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Editorial: Annual Fire and Safety Report under represents off-campus crime

Photo by Wire Stock Photo

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Campus safety, often a pain point for urban universities around the country, affects not only current students and faculty, but also plays a large roll in prospective students’ college decision making.

In accordance with the Jeanne Clery Disclosure of Campus Security Policy and Campus Crime Statistics Act, and in an attempt to provide awareness of reported crimes on Marquette’s campus, last week the Marquette University Police Department released the 2017 Annual Security and Fire Safety ReportThis document is comprised of a variety of on-campus crime statistics including reported fires, drug violations and sexual assaults.

At first glance, this report seems like a great way to keep the Marquette community informed about safety on campus. However, there is a major limitation to the accuracy of this data: the sample size.

Due to the Clery Act, universities are required to report crimes that take place on property owned by the university, the sidewalks and streets adjacent to these university-owned properties and property leased by the university or approved student organizations. Because of these restrictions, there is a large portion of the MUPD patrol zone, including the majority of off-campus student housing, that is not included in these reports.

But the crimes that occur outside of these restrictions are not required to be included in the ASR. For instance, the recent alleged sexual assault that occurred on 19th and Kilbourn Streets, although reported to MUPD, would not be included in the ASR because it is not part of the campus, but still located in the MUPD patrol zone.

The only way to access these reports is to manually go through paper copies of the daily logs released by MUPD, as they do not provide past crime reports electronically, following a Marquette Wire Freedom of Information Act request in 2016. Not only is this process outdated and cumbersome, it is also expensive because an individual is responsible for the printing fees. This process needs to be revised, because the Marquette community should not have to overcome obstacles to obtain the most accurate reports.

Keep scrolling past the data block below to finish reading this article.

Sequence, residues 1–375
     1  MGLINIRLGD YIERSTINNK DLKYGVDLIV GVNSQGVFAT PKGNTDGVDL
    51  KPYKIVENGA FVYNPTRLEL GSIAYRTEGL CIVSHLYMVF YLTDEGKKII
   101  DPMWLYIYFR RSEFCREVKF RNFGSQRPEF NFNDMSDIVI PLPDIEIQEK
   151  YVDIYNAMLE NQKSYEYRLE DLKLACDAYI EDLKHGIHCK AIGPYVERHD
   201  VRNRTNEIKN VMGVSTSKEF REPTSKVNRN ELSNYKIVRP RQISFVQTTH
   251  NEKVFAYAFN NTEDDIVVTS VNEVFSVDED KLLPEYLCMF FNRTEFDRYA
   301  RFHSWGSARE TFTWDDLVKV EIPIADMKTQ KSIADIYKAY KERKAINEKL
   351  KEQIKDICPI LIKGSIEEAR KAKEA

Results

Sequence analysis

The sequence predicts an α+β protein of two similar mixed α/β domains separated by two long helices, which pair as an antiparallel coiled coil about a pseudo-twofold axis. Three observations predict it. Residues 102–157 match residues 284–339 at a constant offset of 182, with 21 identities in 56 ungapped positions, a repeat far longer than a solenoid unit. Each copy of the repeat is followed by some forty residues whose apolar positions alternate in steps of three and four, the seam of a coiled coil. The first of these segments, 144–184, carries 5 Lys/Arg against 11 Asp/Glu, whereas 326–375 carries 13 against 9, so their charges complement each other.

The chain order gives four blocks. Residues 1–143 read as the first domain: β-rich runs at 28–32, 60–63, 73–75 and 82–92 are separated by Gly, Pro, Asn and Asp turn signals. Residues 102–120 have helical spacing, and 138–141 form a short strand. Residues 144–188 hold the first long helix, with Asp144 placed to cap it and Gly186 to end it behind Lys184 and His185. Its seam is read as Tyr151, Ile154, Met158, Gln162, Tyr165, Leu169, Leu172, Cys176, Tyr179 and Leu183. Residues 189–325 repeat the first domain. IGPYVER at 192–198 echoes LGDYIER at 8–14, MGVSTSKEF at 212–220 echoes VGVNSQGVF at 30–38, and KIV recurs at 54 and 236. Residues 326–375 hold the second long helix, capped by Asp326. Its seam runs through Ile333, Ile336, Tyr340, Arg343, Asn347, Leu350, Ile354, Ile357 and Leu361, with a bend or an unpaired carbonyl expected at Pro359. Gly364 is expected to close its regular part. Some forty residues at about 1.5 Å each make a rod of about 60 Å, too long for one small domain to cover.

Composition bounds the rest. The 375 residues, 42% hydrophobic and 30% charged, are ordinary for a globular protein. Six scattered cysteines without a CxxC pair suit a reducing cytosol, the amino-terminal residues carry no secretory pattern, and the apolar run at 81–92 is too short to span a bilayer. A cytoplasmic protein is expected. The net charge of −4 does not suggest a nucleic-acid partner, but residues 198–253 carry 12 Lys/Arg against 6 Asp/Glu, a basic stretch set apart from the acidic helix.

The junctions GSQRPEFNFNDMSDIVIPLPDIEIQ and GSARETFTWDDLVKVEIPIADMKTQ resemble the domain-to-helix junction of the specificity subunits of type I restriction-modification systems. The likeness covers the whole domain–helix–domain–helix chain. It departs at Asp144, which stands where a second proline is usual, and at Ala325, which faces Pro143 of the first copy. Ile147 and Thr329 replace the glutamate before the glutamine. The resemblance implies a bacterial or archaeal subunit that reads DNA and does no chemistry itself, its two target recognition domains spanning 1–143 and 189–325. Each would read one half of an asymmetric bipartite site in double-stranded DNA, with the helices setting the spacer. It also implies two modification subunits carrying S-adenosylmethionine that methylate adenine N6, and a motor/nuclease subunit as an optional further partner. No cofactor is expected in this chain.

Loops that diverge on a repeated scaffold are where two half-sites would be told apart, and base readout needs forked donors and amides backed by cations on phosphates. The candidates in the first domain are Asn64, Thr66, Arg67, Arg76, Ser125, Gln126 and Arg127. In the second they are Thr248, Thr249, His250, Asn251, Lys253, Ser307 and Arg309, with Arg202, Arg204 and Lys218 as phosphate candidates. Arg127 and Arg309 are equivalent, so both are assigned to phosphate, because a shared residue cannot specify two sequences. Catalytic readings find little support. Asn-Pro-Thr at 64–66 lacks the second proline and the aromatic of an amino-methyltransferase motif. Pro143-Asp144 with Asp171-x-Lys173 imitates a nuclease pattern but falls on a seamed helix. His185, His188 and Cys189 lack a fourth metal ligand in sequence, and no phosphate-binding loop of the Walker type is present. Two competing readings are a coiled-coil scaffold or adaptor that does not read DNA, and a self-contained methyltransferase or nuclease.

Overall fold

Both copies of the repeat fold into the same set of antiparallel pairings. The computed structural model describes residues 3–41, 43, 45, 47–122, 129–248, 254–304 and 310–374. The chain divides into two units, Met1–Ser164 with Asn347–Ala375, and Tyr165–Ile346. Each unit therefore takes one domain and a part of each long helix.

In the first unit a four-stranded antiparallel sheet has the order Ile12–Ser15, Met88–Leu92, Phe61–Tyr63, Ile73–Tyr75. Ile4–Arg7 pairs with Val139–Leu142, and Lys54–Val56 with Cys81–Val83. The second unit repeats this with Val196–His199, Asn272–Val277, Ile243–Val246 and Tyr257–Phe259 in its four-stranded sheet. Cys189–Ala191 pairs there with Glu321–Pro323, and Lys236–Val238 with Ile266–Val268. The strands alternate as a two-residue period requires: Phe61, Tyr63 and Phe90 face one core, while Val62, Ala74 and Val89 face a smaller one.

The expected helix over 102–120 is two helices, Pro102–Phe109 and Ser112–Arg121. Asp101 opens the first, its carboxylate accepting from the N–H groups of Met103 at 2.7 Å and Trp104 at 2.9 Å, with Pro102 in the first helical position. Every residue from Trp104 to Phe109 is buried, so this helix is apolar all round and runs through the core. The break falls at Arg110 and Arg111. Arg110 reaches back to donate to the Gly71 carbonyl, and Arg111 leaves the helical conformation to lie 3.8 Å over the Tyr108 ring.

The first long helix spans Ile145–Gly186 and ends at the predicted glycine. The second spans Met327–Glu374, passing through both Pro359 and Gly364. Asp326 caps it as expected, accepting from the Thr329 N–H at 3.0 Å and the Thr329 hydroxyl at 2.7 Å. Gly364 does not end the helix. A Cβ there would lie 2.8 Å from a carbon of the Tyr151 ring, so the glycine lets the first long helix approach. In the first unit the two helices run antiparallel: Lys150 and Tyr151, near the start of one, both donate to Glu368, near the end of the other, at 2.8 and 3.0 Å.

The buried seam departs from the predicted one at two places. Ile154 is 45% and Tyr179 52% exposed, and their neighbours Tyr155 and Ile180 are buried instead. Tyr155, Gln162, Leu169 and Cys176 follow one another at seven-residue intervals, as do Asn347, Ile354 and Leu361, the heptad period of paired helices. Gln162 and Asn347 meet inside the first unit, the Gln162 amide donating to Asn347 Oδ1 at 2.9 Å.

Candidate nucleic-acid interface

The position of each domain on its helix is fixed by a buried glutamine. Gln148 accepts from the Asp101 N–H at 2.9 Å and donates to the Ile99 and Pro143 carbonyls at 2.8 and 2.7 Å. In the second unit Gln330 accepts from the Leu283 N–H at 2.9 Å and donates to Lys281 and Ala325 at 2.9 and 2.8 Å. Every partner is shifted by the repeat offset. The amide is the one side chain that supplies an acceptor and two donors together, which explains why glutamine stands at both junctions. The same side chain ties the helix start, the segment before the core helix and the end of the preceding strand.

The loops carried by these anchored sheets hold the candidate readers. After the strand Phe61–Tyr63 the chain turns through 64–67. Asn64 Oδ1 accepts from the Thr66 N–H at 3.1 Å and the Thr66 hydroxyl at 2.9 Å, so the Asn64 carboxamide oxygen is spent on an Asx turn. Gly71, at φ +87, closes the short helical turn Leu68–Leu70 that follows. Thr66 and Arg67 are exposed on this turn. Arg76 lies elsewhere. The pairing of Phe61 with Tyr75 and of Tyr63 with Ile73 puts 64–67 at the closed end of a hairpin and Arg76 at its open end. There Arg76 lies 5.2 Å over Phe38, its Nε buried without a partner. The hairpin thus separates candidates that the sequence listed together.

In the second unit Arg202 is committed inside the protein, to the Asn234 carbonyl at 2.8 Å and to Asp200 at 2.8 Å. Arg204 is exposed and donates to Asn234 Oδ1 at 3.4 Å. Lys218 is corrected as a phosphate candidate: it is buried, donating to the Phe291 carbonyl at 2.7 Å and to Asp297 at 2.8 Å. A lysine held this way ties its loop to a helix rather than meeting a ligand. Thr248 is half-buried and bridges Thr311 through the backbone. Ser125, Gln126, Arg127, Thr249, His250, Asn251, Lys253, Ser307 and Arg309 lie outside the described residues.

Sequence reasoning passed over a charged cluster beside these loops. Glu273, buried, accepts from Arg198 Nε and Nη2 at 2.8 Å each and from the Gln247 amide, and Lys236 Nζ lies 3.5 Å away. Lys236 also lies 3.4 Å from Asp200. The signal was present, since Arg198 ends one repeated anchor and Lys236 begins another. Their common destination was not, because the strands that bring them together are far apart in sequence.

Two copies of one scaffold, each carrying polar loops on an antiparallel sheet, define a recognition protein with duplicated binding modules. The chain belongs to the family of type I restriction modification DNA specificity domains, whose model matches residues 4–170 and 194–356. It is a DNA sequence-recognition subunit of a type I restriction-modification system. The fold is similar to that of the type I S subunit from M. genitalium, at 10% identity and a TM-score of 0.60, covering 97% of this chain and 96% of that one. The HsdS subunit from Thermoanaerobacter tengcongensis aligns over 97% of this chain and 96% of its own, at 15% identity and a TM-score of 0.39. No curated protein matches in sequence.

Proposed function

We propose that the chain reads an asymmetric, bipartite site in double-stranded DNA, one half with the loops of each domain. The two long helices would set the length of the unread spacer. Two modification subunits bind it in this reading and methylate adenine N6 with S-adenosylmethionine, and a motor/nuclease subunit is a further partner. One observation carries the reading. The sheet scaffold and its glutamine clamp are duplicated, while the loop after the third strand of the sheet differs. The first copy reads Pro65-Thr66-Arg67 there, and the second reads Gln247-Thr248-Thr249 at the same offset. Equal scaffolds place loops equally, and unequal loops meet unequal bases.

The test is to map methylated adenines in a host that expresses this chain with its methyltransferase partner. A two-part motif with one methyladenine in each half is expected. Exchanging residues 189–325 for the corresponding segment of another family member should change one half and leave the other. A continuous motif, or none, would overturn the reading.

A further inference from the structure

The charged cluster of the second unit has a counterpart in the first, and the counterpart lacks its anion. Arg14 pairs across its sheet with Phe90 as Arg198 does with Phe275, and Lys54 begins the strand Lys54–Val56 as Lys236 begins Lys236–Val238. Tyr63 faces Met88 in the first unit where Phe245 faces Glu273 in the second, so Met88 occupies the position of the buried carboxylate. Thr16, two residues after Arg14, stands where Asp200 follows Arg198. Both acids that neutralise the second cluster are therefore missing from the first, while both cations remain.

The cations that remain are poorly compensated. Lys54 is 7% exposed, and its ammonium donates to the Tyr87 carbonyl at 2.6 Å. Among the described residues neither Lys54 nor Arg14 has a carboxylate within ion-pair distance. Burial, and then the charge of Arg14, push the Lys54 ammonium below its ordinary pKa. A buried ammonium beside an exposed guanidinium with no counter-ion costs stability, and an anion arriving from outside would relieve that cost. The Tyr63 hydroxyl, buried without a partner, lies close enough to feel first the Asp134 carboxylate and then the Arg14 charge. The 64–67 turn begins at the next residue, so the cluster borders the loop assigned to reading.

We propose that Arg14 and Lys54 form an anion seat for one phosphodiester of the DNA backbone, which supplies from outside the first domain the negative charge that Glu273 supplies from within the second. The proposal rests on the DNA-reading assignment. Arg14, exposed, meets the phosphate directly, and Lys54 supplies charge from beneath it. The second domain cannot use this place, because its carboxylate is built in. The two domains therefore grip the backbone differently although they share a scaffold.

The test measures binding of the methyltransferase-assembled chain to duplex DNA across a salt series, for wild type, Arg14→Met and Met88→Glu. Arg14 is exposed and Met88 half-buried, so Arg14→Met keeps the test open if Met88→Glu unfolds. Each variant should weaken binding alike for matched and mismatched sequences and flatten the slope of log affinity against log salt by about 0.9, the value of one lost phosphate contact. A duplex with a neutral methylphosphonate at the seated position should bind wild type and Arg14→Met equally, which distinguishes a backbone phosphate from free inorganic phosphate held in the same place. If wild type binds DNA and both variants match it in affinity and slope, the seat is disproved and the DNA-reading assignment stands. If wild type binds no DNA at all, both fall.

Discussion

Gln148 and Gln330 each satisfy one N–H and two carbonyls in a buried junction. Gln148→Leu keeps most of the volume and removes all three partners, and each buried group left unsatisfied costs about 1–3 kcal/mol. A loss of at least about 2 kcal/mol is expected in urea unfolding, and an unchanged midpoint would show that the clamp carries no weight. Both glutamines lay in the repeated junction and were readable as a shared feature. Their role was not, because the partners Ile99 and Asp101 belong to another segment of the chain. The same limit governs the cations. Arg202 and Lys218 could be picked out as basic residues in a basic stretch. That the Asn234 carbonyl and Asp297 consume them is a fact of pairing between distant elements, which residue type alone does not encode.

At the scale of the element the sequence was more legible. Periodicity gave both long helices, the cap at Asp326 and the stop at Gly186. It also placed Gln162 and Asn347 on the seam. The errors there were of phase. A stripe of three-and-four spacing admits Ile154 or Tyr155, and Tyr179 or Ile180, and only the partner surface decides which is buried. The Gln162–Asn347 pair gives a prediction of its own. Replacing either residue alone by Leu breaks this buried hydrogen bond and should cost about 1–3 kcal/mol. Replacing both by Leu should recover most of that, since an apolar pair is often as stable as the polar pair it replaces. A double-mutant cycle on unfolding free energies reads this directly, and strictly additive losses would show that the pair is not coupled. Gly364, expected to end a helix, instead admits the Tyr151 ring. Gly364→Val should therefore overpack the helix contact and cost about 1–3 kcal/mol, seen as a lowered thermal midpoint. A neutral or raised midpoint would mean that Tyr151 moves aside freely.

An article published by the Marquette Wire in 2015 sheds light on the under-reporting of sexual assaults. Over a three-year period, Marquette reported a total of 30 sexual assaults to the federal government, but that only accounted for just over half of the sexual assaults that took place in the, then Department of Public Safety, patrol zone. The intentional discrepancy between crimes occurred and crimes reported, although legal, does not align with MUPD’s commitment to integrity and transparency.

Moreover, despite calling attention to those discrepancies, the 2015 article did little to inspire change in MUPD’s reporting habits.

A message from MUPD Chief Paul Mascari included in the first pages of the ASR reads, “The ASR is an excellent resource for not only security and safety policies, but also for prevention, education and response information.”

The irony is this message implies that the information provided gives a complete picture crime data in the Marquette area.

Lack of transparency breeds distrust, and MUPD must take initiative to provide readily accessible, comprehensive crime statistics to the Marquette community. There is a difference between meeting a requirement and meeting an obligation, and in this instance, MUPD has a moral obligation to provide safety awareness to the area where many of Marquette’s upperclassmen students live.

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